A Note on Running Sums and Products in SQL

[There is a recording on this article here: Tweet, and also in my GitHub project, Small SQL projects.]

It’s a common requirement to compute running sums over time in SQL; for example, to find sales volumes to date. This is easy to do using analytic functions, like this, schematically:

SELECT SUM(sales) OVER (PARTITION By partition_key ORDER BY date)
  FROM ...

The ORDER BY clause implicitly adds a window range of UNBOUNDED PRECEDING, and if you omit it you get the overall totals by partition_key.

Recently I needed to compute the products of some numeric factors across records over time. This kind of requirement often arises in financial calculations, and is slightly more tricky since Oracle doesn’t have an analytic function for products as it does for sums. However, we can achieve the same functionality using the well known mathematical equivalence:

	log(xy) = log(x) + log(y)

and therefore:

	xy = exp(log(x) + log(y))

More generally, if we have a set of N records , and a function, f, defined on a record, we can write the running sum, for function f, and n in (1..N) as:


and the running product as:


Then from the above equivalence, we can write:

This means we can get the running products in SQL using the analytic SUM combined with the (natural) log (LN in Oracle SQL) and exp functions. Let’s see how it works using Oracle’s HR demo schema. We’ll take the employees table and use:

  • department_id as the partition key
  • employee_id as the dimension to order by
  • salary as the measure

To start with, let’s get the running and total sums, showing results for department_id = 60:

SELECT department_id, employee_id, salary,
       SUM(salary) OVER (PARTITION BY department_id ORDER BY employee_id) running_sum,
       SUM(salary) OVER (PARTITION BY department_id) total_sum
  FROM employees
 ORDER BY department_id, employee_id
/
Sums

DEPARTMENT_ID EMPLOYEE_ID     SALARY RUNNING_SUM  TOTAL_SUM
------------- ----------- ---------- ----------- ----------
           60         103       9000        9000      28800
           60         104       6000       15000      28800
           60         105       4800       19800      28800
           60         106       4800       24600      28800
           60         107       4200       28800      28800

Next, let’s use the above equivalence to get the running and total products of the expression (1 + salary/10000), which we’ll call mult:

SELECT department_id, employee_id, salary, (1 + salary/10000) mult,
       EXP(SUM(LN((1 + salary/10000))) OVER (PARTITION BY department_id ORDER BY employee_id)) running_prod,
       EXP(SUM(LN((1 + salary/10000))) OVER (PARTITION BY department_id)) total_prod
  FROM employees
 ORDER BY department_id, employee_id
/
Products

DEPARTMENT_ID EMPLOYEE_ID     SALARY       MULT RUNNING_PROD TOTAL_PROD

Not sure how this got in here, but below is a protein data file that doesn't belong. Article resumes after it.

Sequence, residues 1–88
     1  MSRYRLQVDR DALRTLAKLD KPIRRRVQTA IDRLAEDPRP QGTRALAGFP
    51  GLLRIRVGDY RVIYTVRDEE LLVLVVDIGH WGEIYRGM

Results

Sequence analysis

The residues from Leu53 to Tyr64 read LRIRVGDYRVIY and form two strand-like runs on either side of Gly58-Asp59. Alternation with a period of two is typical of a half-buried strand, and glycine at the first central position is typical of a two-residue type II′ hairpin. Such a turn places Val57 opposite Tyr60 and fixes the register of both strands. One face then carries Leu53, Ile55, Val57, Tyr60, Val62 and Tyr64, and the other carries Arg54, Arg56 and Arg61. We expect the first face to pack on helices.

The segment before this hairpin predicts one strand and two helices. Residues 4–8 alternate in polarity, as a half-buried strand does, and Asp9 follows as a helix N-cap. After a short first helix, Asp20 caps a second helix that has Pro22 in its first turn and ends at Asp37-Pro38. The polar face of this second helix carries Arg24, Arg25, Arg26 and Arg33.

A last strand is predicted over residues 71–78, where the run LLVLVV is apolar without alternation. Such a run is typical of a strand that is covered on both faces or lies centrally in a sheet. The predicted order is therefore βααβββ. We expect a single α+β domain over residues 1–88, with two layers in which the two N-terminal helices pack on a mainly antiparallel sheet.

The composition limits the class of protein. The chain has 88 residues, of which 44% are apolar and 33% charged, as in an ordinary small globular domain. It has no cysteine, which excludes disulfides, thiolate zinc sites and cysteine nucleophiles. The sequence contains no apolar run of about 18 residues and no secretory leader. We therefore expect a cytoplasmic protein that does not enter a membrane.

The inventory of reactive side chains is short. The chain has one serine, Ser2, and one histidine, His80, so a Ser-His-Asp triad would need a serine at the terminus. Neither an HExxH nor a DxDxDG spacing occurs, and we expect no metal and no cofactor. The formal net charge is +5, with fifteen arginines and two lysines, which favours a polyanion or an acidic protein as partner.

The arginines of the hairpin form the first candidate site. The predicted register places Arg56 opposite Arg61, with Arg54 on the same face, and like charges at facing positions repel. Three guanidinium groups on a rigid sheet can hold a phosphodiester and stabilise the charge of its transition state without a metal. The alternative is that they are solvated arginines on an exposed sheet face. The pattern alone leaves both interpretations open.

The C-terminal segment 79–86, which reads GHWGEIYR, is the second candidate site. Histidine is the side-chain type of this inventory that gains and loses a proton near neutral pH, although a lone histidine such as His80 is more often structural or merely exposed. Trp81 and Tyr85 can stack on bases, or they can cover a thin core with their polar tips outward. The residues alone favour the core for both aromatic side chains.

------------- ----------- ---------- ---------- ------------ ----------
           60         103       9000        1.9          1.9 9.45551872
           60         104       6000        1.6         3.04 9.45551872
           60         105       4800       1.48       4.4992 9.45551872
           60         106       4800       1.48     6.658816 9.45551872
           60         107       4200       1.42   9.45551872 9.45551872

If we didn’t have this technique we could compute the results using explicit recursion, either by MODEL clause, or by recursive subquery factors. Let’s do it those ways out of interest. First here’s a MODEL clause solution:

WITH multipliers AS (
SELECT department_id, employee_id, salary, (1 + salary/10000) mult, 
       COUNT(*) OVER (PARTITION BY department_id) n_emps
  FROM employees
)
SELECT department_id, employee_id, salary, mult, running_prod, total_prod
  FROM multipliers
 MODEL
 	PARTITION BY (department_id)
 	DIMENSION BY (Row_Number() OVER (PARTITION BY department_id ORDER BY employee_id) rn)
 	MEASURES (employee_id, salary, mult, mult running_prod, mult total_prod, n_emps)
 	RULES (
 		running_prod[rn > 1] = mult[CV()] * running_prod[CV() - 1],
 		total_prod[any] = running_prod[n_emps[CV()]]
 	)
 ORDER BY department_id, employee_id

Finally, here’s a solution using recursive subquery factors:

WITH multipliers AS (
SELECT department_id, employee_id, salary, (1 + salary/10000) mult, 
       Row_Number() OVER (PARTITION BY department_id ORDER BY employee_id) rn,
       COUNT(*) OVER (PARTITION BY department_id) n_emps
  FROM employees
 WHERE department_id = 60
), rsf (department_id, employee_id, rn, salary, mult, running_prod) AS (
	SELECT department_id, employee_id, rn, salary, mult, mult running_prod
	  FROM multipliers
	 WHERE rn = 1
	UNION ALL
	SELECT m.department_id, m.employee_id, m.rn, m.salary, m.mult, r.running_prod * m.mult
	  FROM rsf r
	  JOIN multipliers m
	    ON m.rn = r.rn + 1
	   AND m.department_id = r.department_id
)
SELECT department_id, employee_id, salary, mult, running_prod, 
       Last_Value(running_prod) OVER (PARTITION BY department_id) total_prod
  FROM rsf
 ORDER BY department_id, employee_id

You can see the scripts and full output on my new GitHub project,
Small SQL projects, in the sums_products folder.

You can get the full detail on using analytic functions from the Oracle doc:
SQL for Analysis and Reporting

See also: Analytic and Recursive SQL by Example






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